Interview: Réda Hamiani

How has local manufacturing performed in recent years? What factors have affected this?

REDA HAMIANI: Unfortunately, Algerian production is under-performing. This situation is the result of a large-scale divestment, caused by significant losses of market shares following the liberalisation of national trade decided by public authorities. Yet it was also due to the fact that risk-taking in the field of investment has been made difficult by a challenging business environment. This has resulted in disappointing economic growth. While growth is mainly driven by foreign groups, there is a lack of endogenous development. On the other hand, there is very low wealth creation with little knock-on effects on the overall economy. Thus, Algeria remains a heavy importer and domestic production is limited.

What do you see as the key challenges to enhancing local manufacturing?

HAMIANI: Local production will need to meet the requirements of a Western model of consumption that considers the customer first and chooses the best products. Another challenge consists in regulating the informal market which introduces highly unfair competition and penalises local producers. The state has initiated a strong campaign encouraging local firms to upgrade their competencies and improve organisation. Additionally, a training policy was initiated to introduce and update management and good governance practices. Nevertheless, the biggest challenge faced by entrepreneurs in Algeria remains the business environment where bureaucracy discourages investment in favour of trade. Furthermore there are other difficulties such as access to funding and land.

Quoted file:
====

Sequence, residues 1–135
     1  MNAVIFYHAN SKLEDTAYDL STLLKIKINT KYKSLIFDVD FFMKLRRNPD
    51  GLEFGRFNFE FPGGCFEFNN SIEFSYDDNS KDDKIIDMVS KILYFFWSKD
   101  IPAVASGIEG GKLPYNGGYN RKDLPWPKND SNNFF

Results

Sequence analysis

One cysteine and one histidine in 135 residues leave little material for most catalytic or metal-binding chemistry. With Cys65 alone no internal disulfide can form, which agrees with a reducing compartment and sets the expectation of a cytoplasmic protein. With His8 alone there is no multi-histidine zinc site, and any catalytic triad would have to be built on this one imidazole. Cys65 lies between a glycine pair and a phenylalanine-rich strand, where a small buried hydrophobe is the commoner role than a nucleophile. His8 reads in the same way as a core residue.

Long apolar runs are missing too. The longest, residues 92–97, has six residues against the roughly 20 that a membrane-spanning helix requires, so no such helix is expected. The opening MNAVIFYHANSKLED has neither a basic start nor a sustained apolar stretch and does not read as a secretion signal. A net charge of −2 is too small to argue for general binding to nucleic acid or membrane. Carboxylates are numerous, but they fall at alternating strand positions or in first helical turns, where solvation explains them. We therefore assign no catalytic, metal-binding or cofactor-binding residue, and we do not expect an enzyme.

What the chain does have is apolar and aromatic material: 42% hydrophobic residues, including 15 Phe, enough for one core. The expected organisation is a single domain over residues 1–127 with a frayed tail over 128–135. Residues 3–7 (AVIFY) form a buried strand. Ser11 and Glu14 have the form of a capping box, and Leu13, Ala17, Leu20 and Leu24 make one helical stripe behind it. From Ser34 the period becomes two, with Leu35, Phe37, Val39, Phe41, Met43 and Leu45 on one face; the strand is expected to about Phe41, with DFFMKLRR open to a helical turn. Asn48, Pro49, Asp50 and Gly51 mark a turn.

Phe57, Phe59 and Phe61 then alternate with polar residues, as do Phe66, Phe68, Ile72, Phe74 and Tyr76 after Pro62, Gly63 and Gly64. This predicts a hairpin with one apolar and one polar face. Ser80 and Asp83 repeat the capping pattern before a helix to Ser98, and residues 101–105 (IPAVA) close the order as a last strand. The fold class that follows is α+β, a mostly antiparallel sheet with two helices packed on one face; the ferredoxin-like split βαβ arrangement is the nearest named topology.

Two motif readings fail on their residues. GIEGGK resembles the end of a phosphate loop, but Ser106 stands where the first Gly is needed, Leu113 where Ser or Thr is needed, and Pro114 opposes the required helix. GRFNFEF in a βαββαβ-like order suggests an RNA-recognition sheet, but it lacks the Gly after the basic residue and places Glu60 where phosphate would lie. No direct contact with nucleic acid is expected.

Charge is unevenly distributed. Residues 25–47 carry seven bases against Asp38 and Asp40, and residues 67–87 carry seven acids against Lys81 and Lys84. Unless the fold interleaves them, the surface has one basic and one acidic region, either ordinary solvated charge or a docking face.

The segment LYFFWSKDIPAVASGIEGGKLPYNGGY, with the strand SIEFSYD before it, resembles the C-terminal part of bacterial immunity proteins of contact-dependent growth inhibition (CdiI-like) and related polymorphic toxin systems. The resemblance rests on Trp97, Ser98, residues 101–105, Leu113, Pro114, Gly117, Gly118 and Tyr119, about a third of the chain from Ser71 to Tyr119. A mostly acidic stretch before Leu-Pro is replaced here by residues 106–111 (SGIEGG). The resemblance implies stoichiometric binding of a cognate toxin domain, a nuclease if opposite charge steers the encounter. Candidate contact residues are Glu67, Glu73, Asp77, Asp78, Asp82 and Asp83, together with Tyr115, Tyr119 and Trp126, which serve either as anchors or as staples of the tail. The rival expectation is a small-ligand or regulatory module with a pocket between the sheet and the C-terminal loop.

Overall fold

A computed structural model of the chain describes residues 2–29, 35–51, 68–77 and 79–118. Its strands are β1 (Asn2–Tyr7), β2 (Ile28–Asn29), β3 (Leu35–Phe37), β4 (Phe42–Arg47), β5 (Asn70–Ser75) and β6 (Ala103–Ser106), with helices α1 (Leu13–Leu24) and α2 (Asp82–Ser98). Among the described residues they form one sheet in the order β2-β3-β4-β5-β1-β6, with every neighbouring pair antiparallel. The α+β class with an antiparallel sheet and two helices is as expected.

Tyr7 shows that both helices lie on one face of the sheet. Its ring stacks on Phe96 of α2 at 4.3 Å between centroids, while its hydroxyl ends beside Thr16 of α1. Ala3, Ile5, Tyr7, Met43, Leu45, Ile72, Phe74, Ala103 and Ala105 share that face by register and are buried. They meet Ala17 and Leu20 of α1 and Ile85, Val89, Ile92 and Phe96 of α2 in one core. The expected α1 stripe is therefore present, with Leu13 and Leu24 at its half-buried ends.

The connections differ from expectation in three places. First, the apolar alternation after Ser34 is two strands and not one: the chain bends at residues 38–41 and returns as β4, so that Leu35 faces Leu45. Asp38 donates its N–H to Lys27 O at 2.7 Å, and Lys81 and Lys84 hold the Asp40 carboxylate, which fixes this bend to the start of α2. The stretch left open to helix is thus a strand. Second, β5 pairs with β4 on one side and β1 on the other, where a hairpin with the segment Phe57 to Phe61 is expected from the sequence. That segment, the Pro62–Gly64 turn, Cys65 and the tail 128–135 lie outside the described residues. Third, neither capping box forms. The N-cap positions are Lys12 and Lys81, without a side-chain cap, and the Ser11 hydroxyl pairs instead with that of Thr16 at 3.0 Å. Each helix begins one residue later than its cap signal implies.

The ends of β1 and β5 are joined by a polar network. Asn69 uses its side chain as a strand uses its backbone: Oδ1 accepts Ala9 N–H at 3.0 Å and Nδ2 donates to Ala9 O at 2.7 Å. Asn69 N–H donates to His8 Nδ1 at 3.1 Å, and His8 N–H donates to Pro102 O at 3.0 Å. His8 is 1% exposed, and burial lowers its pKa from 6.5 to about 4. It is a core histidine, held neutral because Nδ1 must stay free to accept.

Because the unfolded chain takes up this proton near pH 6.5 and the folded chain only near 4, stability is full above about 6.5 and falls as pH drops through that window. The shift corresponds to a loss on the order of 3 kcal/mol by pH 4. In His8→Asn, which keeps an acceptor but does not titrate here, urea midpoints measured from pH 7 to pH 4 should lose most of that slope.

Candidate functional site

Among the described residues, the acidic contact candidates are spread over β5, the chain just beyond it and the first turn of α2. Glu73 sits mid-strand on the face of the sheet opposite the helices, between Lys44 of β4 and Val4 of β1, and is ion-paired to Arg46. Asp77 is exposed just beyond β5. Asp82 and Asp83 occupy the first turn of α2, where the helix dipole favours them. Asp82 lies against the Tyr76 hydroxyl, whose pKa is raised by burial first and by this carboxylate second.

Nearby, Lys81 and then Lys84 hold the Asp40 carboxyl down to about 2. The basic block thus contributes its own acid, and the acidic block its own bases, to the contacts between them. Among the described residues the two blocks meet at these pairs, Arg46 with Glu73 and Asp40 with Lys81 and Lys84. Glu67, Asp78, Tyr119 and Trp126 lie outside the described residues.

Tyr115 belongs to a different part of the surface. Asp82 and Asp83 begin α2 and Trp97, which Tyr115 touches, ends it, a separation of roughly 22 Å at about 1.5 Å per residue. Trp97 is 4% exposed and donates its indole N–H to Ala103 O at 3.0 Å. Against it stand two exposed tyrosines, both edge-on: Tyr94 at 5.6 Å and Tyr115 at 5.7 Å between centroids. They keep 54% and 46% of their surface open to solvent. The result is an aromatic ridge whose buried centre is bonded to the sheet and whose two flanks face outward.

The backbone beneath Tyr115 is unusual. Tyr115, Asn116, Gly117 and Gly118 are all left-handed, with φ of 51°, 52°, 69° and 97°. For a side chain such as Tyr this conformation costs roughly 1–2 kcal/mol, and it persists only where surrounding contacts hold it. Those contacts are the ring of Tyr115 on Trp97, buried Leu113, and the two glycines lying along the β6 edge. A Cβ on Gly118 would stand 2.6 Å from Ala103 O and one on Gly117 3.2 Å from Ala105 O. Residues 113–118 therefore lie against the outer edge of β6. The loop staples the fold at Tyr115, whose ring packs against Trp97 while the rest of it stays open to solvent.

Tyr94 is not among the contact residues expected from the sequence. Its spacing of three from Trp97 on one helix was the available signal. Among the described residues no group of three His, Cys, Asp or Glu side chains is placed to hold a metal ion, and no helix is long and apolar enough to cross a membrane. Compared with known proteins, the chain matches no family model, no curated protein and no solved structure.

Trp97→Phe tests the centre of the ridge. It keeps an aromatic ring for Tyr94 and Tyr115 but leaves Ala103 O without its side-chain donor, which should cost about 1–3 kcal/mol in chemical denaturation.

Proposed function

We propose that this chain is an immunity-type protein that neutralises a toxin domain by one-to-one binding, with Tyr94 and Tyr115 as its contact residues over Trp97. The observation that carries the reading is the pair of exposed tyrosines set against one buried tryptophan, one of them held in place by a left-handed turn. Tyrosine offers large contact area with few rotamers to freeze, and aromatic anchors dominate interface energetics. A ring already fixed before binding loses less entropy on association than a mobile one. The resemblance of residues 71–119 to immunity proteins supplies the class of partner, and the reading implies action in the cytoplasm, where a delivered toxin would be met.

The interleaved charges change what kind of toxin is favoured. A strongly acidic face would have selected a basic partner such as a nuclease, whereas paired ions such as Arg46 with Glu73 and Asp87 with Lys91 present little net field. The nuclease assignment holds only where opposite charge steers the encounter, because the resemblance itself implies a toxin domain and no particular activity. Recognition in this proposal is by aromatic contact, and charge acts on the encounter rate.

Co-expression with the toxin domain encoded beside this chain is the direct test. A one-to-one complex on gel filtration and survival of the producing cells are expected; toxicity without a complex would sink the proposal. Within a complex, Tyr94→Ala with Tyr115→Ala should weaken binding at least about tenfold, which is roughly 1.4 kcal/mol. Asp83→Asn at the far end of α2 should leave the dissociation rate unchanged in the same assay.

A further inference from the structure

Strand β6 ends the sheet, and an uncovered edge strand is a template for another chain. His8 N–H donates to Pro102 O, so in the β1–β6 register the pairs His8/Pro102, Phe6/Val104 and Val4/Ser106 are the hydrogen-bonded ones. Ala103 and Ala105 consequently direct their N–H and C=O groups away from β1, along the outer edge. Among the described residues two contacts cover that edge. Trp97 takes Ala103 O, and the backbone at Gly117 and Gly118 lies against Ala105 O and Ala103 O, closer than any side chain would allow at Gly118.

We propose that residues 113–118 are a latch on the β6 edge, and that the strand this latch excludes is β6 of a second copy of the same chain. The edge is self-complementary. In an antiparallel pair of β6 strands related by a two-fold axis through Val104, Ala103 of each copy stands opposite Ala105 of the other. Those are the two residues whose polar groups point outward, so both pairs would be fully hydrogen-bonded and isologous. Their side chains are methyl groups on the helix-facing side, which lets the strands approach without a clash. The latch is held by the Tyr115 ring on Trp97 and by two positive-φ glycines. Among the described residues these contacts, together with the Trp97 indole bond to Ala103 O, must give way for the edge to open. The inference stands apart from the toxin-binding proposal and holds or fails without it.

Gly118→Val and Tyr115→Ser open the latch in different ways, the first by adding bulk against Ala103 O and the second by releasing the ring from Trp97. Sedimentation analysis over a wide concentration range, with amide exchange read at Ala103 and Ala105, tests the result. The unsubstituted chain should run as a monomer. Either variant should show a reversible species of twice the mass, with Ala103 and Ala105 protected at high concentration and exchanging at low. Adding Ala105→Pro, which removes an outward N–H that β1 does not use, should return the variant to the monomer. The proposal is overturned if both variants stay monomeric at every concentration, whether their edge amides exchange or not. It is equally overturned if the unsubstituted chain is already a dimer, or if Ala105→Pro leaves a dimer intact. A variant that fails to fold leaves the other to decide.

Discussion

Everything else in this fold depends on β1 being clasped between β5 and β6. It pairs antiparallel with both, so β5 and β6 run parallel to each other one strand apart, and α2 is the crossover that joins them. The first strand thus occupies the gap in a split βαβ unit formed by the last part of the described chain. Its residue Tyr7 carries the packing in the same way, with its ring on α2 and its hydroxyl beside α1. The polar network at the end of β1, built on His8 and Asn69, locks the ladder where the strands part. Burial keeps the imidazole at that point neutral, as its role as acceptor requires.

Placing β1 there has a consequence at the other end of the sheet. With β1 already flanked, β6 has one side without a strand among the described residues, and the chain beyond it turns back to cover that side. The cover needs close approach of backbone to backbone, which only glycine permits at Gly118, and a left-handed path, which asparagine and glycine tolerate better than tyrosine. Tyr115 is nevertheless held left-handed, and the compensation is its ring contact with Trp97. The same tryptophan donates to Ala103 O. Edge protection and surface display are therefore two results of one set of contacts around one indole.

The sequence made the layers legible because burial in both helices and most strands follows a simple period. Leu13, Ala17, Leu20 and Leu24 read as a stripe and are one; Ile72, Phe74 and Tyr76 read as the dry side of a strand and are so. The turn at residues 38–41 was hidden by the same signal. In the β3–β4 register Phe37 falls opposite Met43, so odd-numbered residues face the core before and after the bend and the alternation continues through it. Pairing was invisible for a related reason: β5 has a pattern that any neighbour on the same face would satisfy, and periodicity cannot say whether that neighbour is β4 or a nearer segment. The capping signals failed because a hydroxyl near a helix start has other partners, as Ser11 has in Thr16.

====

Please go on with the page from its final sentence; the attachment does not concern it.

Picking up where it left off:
Going forward, what efforts are needed to adequately tackle inflationary pressures?

HAMIANI: It is necessary to maintain the current level of salaries as long as possible to offset the reckless increases of recent years unrelated to proven productivity gains. The corrections to be made in the medium term require a strict monetary policy led by the Bank of Algeria to adequately increase money supply by a policy of credits unrelated to productive counterparts. The same goes for the authorities, who must get back to better governance when it comes to granting management. They must also avoid giving unconditional support to firms experiencing financial difficulties.

What are the partnership opportunities in the chemical, petrochemical or plastic industries?

HAMIANI: Algerian firms with a foothold in the market expect real technical assistance from their foreign partners, targeting primarily an upgrade of their organisation and management systems. Foreign companies will benefit from additional growth which is quite positive given the current international downturn, especially in Europe. This complementarity will bring about a win-win scenario. Algerian authorities share this approach at the moment, and generally encourage national public enterprises to move it that direction.

How can public-private partnerships be revitalised?

HAMIANI: Public-private partnerships (PPPs) could be greatly facilitated by opening up public companies’ capital either directly or through the stock exchange. It is also possible to consider technical or commercial partnerships. The obstacles to be overcome are related to different management methods and the grip of administrative procedures as drawn up by public authorities.

How can the import bill be reduced while avoiding a restrictive protectionist policy?

HAMIANI: It would be beneficial to increase local production to replace imports which might be limited only to inputs. This can be achieved by mobilising investments while implementing a proactive upgrading programme. Foreign direct investments bringing substantial technology and knowledge should be facilitated to boost local production so that it meets the requirements of consumers in terms of safety, quality and reliability.